The 91st Academy Awards were held last night (February 24th, 2019). A total of 55 Oscar statuettes were handed out to 50 different people. Of those 50 people, 22 were women and/or people of colour. That’s 44% of the winners.
Best Performance by an Actor in a Supporting Role
Mahershala Ali won his second Oscar for his role in Green Book. He won two years ago (in the same category) for his role in Moonlight. With this win, he becomes the second-ever person of colour to win multiple Oscars for acting. The first was Denzel Washington (Best Supporting Actor 1989 – Glory; Best Actor 2001 – Training Day).
Best Achievement in Production Design
Hannah Beachler not only made history as the first black winner for Best Production Design, but also as the category’s first-ever black nominee. She won her award for her work on Marvel’s Black Panther. Along with Ruth E. Carter, she became the first black woman to win a competitive Oscar in a non-acting category in 30 years.
Melissa Berton and Rayka Zehtabchi
Best Documentary Short Subject
Melissa Berton, a producer from San Diego, and Rayka Zehtabchi, an Iranian-American producer/director based in LA, won Oscars for their Netflix Original documentary short, Period. End of Sentence., a film about Indian women fighting to end the stigma surrounding menstruation and manufacturing sanitary pads. Berton shared their Oscars with the California high school girls who helped raise the money needed to build the machine to make the pads and start the non-profit “The Pad Project”, because “a period should end a sentence, not a girl’s education.”
Kate Biscoe and Patricia Dehaney
Best Achievement in Makeup and Hairstyling
Kate Biscoe and Patricia Dehaney won Best Makeup and Hairstyling on their first nominations for their work on the Dick Cheney biopic, Vice. Both women’s earliest credits go back to the mid-90’s.
Ruth E. Carter
Best Achievement in Costume Design
Met with thunderous applause and a standing ovation, Ruth E. Carter was the first Black Panther victory of the night, winning the award for her stunning Costume Design in the record-breaking blockbuster. Previously nominated for her work in Malcolm X (1992) and Amistad (1997), Carter became the first African American woman to win in this category. Alongside fellow Black Panther designer, Hannah Beachler, she also became the first black woman to win a non-acting Oscar in 30 years.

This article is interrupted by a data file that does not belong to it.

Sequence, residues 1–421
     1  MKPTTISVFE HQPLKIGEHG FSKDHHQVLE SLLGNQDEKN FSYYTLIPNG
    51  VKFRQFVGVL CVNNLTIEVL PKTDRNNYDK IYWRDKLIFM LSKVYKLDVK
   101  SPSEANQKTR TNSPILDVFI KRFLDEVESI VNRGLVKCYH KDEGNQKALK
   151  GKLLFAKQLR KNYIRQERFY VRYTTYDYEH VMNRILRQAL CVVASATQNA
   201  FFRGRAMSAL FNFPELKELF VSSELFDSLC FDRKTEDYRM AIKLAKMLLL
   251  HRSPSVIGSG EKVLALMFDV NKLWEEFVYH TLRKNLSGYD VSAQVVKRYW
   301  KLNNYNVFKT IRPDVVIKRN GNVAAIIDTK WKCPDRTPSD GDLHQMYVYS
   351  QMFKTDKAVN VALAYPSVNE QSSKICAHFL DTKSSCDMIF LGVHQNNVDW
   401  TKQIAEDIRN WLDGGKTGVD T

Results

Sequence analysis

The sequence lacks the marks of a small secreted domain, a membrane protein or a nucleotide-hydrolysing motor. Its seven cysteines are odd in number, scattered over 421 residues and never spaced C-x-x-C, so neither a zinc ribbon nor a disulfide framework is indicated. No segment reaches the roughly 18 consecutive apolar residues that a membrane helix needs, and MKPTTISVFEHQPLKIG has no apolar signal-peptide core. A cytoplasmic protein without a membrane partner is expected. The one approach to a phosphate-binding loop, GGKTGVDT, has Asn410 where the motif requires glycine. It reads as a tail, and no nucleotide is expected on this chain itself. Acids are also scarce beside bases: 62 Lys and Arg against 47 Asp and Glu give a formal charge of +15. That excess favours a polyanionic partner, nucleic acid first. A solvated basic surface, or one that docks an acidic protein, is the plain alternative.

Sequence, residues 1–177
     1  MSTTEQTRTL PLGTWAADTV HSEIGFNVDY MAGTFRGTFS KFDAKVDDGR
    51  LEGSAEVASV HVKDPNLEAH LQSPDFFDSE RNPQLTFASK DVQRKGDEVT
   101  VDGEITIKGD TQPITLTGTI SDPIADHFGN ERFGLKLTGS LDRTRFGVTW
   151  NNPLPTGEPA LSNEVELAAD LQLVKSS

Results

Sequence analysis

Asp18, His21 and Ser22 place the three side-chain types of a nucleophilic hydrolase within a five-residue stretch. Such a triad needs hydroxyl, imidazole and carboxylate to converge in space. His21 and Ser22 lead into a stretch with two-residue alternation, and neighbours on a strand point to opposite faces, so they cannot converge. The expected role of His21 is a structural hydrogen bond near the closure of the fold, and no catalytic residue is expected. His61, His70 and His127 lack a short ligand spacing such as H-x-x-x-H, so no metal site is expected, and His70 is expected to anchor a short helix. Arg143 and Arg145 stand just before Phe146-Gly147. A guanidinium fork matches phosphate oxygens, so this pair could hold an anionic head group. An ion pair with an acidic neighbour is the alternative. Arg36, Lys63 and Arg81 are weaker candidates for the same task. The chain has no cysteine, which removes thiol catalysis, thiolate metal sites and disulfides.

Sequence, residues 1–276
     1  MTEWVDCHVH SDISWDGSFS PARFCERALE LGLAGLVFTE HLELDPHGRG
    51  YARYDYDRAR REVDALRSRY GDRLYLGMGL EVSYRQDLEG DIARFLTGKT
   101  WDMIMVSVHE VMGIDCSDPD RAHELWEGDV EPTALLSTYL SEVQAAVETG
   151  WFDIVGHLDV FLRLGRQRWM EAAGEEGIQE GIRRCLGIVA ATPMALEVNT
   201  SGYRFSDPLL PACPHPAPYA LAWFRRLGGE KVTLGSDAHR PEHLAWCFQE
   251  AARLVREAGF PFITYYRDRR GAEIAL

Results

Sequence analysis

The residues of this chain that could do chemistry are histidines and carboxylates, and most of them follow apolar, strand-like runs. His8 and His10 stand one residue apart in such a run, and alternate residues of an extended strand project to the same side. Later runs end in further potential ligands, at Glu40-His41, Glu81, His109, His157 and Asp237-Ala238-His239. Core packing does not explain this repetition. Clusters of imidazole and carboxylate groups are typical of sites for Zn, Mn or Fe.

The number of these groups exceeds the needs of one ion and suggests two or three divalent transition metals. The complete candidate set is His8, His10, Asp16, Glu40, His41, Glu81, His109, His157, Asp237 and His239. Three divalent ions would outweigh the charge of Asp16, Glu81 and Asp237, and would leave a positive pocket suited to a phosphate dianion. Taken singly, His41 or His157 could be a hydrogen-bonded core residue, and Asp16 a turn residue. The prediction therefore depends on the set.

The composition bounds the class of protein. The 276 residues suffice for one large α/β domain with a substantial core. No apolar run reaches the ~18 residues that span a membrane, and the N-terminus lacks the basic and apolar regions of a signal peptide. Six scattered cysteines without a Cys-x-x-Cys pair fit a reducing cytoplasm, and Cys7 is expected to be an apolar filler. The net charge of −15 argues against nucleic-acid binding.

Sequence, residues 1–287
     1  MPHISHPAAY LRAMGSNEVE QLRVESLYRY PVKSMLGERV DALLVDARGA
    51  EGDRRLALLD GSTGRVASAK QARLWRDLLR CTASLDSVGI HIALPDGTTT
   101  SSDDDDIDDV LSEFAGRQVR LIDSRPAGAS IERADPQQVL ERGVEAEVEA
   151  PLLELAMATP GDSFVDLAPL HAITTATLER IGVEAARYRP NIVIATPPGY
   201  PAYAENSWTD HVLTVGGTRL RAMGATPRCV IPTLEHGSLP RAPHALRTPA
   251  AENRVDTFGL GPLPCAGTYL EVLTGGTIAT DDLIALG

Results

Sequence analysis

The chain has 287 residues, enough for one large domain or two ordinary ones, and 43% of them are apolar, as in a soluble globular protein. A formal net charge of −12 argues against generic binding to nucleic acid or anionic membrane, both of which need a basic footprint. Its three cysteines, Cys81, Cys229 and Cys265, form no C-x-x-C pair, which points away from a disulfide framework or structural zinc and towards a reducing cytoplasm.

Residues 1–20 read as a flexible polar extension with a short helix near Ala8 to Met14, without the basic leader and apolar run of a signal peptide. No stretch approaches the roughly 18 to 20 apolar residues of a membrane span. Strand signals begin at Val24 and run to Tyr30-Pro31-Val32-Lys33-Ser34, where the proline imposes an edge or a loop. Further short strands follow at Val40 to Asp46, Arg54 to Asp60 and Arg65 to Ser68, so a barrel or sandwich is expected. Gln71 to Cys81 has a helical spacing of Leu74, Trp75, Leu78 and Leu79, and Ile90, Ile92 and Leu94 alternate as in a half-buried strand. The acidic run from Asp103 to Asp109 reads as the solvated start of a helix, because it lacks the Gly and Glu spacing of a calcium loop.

Jimmy Chin, Shannon Dill, and Elizabeth Chai Vasarhelyi
Best Documentary Feature
National Geographic’s thrilling documentary Free Solo won the Oscar for Documentary Feature. Among the four winners were the film’s directors Jimmy Chin and Elizabeth Chai Vasarhelyi. Chin and Vasarhelyi also produced the film with Shannon Dill. Chin is also credited for the film’s stunning and death-defying cinematography.
Best Performance by an Actress in a Leading Role
Olivia Colman gave my favourite performance of the year as Queen Anne in Yorgos Lanthimos’s The Favourite. I was nonetheless stunned when she was announced as the winner over Glenn Close, who had been the clear frontrunner going into the night. I clapped my hands to my mouth and watched with tear-filled eyes as Colman gave the funniest and most-endearing speech of the night. I had initially intended this list to be specifically for people of colour in any category and women in non-gender specific categories, but she would have been the only woman not included. I just couldn’t do that, because Olivia Colman is a national treasure.